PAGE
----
fiduciaries. This interpretation by DOL has been criticized by some ERISA attorneys, but until today there was no evidence the Department would reconsider. The President’s announcement means that DOL will now be an ally of
the state efforts….
The announcement, however, was not universally well received. The American Council of Life Insurers, a trade group, issued a statement that called the White House effort “misguided,” contending that “rather than drafting new regulations to support risky and costly state-managed programs like the one in Illinois, the administration should support efforts like the one passed this year in Washington state, where legislators worked cooperatively with the private sector to create a new retirement marketplace subject to ERISA's worker protections.”
Also in conjunction with the Conference on Aging, the U.S. Department of Health and Human Services (HHS) announced it is engaged in a governmentwide initiative to develop programs and provide funding and resources to help older adults live independent and fulfilling lives. For instance, the HHS Office of Women’s Health is developing training to help family caregivers maximize their own health and address specific care needs of people with dementia. The curriculum will be released next year.
Many caregivers include adult children who are caring for older parents while actively employed, leading to increased stress that can take a toll on their health and productivity.
Another initiative announced at the conference is Aging.gov, a new website that will provide “information on resources and topics to help older adults live independent and fulfilling lives such as healthy aging, elder justice, long-term care, and vital programs like Social Security and Medicare.”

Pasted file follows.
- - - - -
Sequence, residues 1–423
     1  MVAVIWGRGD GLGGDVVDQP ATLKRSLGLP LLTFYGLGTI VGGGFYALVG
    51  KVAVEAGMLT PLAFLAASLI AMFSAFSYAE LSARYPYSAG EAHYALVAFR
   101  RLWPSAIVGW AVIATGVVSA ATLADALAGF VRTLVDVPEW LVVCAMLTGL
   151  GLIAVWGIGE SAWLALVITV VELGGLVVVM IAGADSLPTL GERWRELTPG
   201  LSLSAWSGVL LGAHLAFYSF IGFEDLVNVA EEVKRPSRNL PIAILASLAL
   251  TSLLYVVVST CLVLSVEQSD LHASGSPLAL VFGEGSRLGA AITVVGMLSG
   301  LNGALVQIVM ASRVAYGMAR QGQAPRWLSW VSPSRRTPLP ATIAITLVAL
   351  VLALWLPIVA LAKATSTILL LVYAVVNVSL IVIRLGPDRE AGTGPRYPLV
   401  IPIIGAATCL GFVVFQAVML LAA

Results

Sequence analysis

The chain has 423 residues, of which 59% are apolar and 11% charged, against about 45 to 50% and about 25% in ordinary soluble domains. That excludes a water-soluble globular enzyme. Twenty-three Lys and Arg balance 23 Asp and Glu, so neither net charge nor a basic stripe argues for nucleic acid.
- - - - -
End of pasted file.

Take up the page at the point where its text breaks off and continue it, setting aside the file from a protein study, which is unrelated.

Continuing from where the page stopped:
“Designing benefits programs and delivering financial advice to employees today requires a profound appreciation for the longevity revolution and a deeper understanding of issues associated with aging,” said Conference on Aging panelist Andy Sieg, head of global wealth and retirement solutions at Bank of America Merrill Lynch. “Providing HR professionals with greater access to this knowledge can help them connect better with employees as they progress through their careers and toward their later years.”
As an example of such training, Sieg said his firm is providing as part of its retirement and benefit plan services a five-hour online training course developed in partnership with the University of Southern California (USC) Leonard Davis School of Gerontology.
“Increasing longevity can bring longer retirements, changing health care choices, more housing transitions and many other challenges to financial security,” noted Pinchas Cohen, dean of the school. “As our society continues to rapidly age, there needs to be deeper knowledge inside every company about the realities of longevity in order to engage in relevant and supportive discussions with employees about their goals and concerns.”
Stephen Miller, CEBS, is an online editor/manager for SHRM.